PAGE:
Overview

 

Overview

Wearable Sensing’s dry sensors are based on ‘s leading Dry Sensor Interface (DSI) technology.
The features of the DSI technology include:

 

Dry Sensors

No Skin Preparation:

Patented electronics allow high fidelity EEG signal acquisition without the need for skin abrasion or preparation

No Gels:

Ultra-high impedance amplifiers mean that DSI sensors require no gels or fluids, and consequently do not leave messy residue. All contacts are completely dry, no sticky or wet pads anywhere! This allows for irritation-free long-term recordings, without risk of drying out!

Through-Hair Operation and Comfort:

Round-ended pinned active electrodes contact scalp through-hair and provide comfortable contact.

Uncompromising Signal Quality:

Signal quality is comparable to that obtained from conventional wet electrodes, with >90% correlation.

Artifact Resistant:

Mechanical and Engineering designs eliminate motion and electrical artifacts WITHOUT the need for advanced filtering!

(read more about DSI signal quality)

Seemlessly Integrated into

 

Rapid Set-up:

Easy-to-use headset is typically self-donned in less than 5 minutes with minimal or no adjustments needed

Even More Rapid Removal:

Easy-to-use headset is instantly taken off, and does not necessitate washing head afterwards

Ambulatory and Wireless:

Fully integrated batteries, amplifiers, digitizers, and BlueTooth transmitter allow ambulatory use

10/20 Locations:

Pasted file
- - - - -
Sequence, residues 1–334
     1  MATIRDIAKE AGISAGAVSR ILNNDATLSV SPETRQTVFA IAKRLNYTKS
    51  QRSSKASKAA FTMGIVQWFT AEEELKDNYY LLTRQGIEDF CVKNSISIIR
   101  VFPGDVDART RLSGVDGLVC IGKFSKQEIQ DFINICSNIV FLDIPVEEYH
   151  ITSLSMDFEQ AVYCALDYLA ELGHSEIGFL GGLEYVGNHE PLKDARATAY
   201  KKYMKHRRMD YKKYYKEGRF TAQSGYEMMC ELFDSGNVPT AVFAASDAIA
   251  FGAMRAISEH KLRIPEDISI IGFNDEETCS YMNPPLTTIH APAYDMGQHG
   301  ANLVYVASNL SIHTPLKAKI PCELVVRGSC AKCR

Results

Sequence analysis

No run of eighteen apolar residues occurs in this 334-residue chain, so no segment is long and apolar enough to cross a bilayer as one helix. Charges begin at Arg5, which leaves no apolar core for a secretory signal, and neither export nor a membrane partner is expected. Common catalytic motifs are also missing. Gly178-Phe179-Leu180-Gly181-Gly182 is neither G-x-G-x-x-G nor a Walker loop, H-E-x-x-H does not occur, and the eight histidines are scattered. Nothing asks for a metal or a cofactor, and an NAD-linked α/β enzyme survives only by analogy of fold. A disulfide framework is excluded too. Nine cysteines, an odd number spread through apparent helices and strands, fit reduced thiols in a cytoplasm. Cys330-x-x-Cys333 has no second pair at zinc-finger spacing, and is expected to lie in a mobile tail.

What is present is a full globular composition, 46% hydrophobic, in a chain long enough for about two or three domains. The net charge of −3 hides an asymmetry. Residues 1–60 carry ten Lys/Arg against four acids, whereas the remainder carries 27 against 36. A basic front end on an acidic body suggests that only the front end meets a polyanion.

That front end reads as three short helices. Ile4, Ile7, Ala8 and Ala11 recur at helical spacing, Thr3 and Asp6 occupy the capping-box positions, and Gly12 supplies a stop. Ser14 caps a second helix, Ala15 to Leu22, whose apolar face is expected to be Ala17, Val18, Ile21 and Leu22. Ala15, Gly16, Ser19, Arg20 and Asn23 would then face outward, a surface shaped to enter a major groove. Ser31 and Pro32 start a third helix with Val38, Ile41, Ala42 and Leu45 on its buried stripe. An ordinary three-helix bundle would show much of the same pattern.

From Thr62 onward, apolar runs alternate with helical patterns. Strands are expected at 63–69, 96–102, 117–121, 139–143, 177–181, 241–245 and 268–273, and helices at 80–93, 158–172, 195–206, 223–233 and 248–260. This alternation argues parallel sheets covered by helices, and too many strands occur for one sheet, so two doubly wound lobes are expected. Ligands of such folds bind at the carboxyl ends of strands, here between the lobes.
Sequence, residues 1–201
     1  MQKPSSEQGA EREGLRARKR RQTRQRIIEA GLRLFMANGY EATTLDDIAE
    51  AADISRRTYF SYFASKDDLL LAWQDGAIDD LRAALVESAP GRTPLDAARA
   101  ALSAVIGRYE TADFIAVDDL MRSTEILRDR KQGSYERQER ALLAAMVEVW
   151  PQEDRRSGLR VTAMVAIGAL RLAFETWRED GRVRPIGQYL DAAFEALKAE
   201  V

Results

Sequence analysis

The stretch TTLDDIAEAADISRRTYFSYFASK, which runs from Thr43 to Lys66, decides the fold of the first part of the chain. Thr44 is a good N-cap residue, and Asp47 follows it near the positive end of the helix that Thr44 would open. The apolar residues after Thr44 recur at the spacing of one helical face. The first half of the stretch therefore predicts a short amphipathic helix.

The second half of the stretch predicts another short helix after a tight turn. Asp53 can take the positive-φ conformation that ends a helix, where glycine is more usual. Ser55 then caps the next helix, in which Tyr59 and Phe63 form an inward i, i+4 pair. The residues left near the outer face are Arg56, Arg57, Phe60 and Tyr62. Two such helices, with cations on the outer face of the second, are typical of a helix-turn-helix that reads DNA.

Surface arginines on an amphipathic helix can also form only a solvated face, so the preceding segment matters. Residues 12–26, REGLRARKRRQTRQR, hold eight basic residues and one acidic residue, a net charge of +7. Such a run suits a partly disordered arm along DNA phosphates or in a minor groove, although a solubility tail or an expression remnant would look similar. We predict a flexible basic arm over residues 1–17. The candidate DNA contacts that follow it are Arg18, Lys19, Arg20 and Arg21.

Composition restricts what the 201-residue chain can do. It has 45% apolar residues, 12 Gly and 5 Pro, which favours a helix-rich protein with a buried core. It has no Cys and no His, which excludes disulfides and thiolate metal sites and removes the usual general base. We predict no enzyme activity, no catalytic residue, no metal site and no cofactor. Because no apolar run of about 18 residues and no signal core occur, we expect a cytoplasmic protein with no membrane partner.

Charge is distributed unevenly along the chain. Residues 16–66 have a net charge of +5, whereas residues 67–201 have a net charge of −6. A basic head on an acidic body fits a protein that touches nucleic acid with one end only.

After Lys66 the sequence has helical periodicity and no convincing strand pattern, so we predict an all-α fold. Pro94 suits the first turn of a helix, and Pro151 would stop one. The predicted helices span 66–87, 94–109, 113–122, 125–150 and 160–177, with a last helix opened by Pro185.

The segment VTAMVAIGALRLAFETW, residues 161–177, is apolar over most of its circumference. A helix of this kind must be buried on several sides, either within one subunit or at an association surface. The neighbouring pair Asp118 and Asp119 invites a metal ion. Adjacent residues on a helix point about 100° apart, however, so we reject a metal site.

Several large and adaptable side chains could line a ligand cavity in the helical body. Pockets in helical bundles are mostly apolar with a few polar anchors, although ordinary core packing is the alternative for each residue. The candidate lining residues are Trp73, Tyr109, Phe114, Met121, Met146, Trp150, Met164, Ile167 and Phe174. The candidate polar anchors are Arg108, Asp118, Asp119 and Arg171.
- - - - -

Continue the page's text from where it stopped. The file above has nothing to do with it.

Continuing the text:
Headsets are designed to automatically and reproducibly position sensors according to the 10/20 International System on a wide range of head-sizes.

Comfortable:

Padding and spring loaded designs provide for long-term wearable comfort unrivaled in the field of EEG. Headsets do not require chin-straps!

Analytical Algorithms

  • Quantitative Cognitive State Assessment
  • Adaptable to Various Cognitive States
  • Validated for Mental Workload, Engagement, Fatigue
  • Uses EEG, EMG, ECG, and EOG data
  • Easy to Interpret Output
  • Fast Learning Algorithm
  • Real-Time and Off-Line Analysis

Cognitive Monitoring

  • Brain-Computer Interfaces (BCI)
  • Psychological Research
  • Cognitive Workload Monitoring
  • Augmented Cognition
  • NeuroErgonomics
  • NeuroFeedback
  • NeuroMarketing
  • Biometric Analysis
  • Stress Assessment
  • Lie Detection
  • Peak Performance Training
  • Guided Meditation

 

Electroencephalography (EEG) 

Introduction

Electroencephalography (EEG) is the measurement of electric potentials at the scalp due to currents flowing through scalp tissue. The strength and distribution of currents (and therefore potentials) reflects the intensity and position of activity in the underlying neural tissue. EEG signal is measured between two electrodes, the position of which determines the recorded brain area. Multiple electrodes are typically placed in standard arrangements that cover the entire scalp and allow investigators to observe the activity of the entire brain simultaneously.